Nonstick cookware is popular.
It’s widely available.
You can probably even find it at your local grocery store.
Nonstick cookware is very easy to clean.
It’s also dishwasher safe.
But there’s a downside. The nonstick coating may release toxic fumes when it’s heated.
These noxious chemicals disperse into the air. So you inhale them.
Potentially dangerous compounds also leach into your food.
So you end up eating them.
The amounts might be small.
But if you use your cookware every day, as most people do, you’ll be exposed to these chemicals on a daily basis.
The obvious solution is to toss your nonstick cookware and invest in non toxic cookware.
You may end up shelling out a little money for higher end pots and pans.
But it’s a good investment in your health.
Why You Shouldn’t Use Nonstick Cookware
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It’s actually difficult to track down information on the potential hazards of nonstick cookware.
It could have to do something with the fact that it’s a huge industry, with a reported $1.45 billion in annual sales.
There’s a lot of conflicting information out there about cookware. I had difficulty sorting through it.
There were claims on either side of the aisle.
Some of the information about nonstick cookware was downright reassuring.
Other sources said it was okay as long as you don’t “overheat” it. Apparently ,the toxins are released only at high levels. However, I don’t think the average cook constantly measures the temperature of foods while they’re on the stove.
Other sources advised us to avoid nonstick cookware altogether.
In our house we don’t use it. Actually, there’s no need to use it because there are other cooking options.
Is Nonstick Cookware Bad For You?
In the end, I had a little trouble finding the definitive answer on nonstick cookware.
At least from US based sources.
I suspect this may have something to do with the fact that nonstick cookware is immensely popular, and there’s an entire industry that supports it.
So I turned to a European source for information.
An article published in the UK-based Telegraph.
This newspaper article as well seemed to downplay the potential risks from nonstick cookware.
However, it did point us to a US-based document called The Madrid Statement.
This is a petition signed by an international consortium of scientists that outlined the potential risks of chemicals known as PFAS.
These chemicals have largely replaced an older chemical in nonstick cookware known as perfluorooctanoic acid, or PFOA.
However, some nonstick products may still contain PFOA, associated with a number of potential health risks.
PFOA is still added to other consumer products, such as cardboard boxes. Even if you don’t eat cardboard, this chemical can be absorbed through your skin.
But even if no PFOA is used in your cookware, it’s likely that a class of compounds known as PFASs were used instead.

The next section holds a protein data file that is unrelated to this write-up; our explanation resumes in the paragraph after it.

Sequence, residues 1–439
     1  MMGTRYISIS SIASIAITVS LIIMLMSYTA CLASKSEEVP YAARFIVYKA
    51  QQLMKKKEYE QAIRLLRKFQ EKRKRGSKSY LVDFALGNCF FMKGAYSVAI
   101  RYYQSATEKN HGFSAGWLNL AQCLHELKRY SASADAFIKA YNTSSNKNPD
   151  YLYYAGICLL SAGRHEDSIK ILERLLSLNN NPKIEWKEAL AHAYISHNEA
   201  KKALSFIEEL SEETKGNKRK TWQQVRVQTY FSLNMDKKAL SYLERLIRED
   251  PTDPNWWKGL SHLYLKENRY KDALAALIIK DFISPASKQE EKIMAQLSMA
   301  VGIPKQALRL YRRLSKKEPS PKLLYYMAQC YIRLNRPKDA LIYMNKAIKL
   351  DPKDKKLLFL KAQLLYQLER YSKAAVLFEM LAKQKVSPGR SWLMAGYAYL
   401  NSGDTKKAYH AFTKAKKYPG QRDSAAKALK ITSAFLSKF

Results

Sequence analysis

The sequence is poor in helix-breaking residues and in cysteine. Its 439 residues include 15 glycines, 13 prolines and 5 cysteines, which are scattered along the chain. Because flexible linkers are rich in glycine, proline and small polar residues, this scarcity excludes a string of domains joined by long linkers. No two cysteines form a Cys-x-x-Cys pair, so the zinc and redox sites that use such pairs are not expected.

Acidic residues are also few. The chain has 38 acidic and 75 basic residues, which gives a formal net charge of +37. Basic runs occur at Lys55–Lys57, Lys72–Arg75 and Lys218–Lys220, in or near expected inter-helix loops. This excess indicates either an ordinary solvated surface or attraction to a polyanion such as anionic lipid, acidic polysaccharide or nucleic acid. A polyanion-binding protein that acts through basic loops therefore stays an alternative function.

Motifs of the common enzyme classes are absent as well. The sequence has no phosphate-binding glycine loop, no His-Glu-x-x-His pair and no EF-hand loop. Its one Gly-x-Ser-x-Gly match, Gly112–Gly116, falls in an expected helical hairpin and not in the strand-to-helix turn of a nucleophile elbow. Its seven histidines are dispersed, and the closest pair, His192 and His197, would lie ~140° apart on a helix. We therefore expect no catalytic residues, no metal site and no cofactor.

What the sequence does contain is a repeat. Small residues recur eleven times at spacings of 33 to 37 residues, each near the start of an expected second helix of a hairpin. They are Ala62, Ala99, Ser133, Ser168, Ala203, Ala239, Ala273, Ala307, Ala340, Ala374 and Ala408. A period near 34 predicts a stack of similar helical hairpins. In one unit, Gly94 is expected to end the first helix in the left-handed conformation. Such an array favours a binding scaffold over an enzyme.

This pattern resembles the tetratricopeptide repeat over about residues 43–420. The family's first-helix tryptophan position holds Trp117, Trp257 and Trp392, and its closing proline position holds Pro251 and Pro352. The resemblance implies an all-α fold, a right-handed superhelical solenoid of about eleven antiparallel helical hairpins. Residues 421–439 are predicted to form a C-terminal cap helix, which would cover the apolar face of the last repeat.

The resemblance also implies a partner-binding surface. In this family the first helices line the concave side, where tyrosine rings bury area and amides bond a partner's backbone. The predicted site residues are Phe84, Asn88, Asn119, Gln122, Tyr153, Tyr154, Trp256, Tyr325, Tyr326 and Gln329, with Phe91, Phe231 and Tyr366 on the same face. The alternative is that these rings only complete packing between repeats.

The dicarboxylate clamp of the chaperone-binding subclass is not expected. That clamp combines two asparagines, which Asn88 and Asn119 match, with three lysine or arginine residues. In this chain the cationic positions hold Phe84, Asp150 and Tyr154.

PFASs were the focus of The Madrid Statement.
The scientists who signed this paper noted that PFASs are widely distributed throughout the environment.
Animals studies have found certain long-chain PFASs are associated with liver damage, immune problems, neurological disorders and reproductive problems.
Long chain PFASs are being phased out. But they’re being replaced with short chain PFASs that also persist in the environment.
However, there’s still limited information available as to the health effects of short chain PFASs, according to the authors of The Madrid Statement.
Also, the scientists who signed this petition called upon manufacturers to limit production of products with PFASs.
I also noticed some bizarre information in the Telegraph article. The scientist quoted recommended not buying new nonstick pans.
But she warned against throwing old pans away, because she worried about the pans leaching PFASs into the environment if they’re disposed in a landfill.
Or releasing toxic chemicals during a landfill fire.
Sorry, but I say get rid of these pans.
If they’re too risky for a landfill then I consider them too risky to cook with.
Is Nostick Cookware Dangerous?
Alternative health expert Dr. Joseph Mercola, DO, notes that there’s little research on the possible health effects of short chain PFASs.
So he urges people not to use them.
He also warns us to avoid nonstick cookware marketed as “green.”
I’ve seen these pans at a local overstock/discount store.
Dr. Mercola says that “green” cookware may be coated with a cheap ceramic that may contain heavy metals.
Should I Get Rid Of My Nonstick Cookware?
I personally don’t use nonstick cookware. Instead, we’ve used Cuisinart stainless steel cookware.
I also have several pieces of Farberware stainless steel pots and pans.
We also own cast iron skillets. But I use these sparingly to prevent too much iron from leaching into our food.
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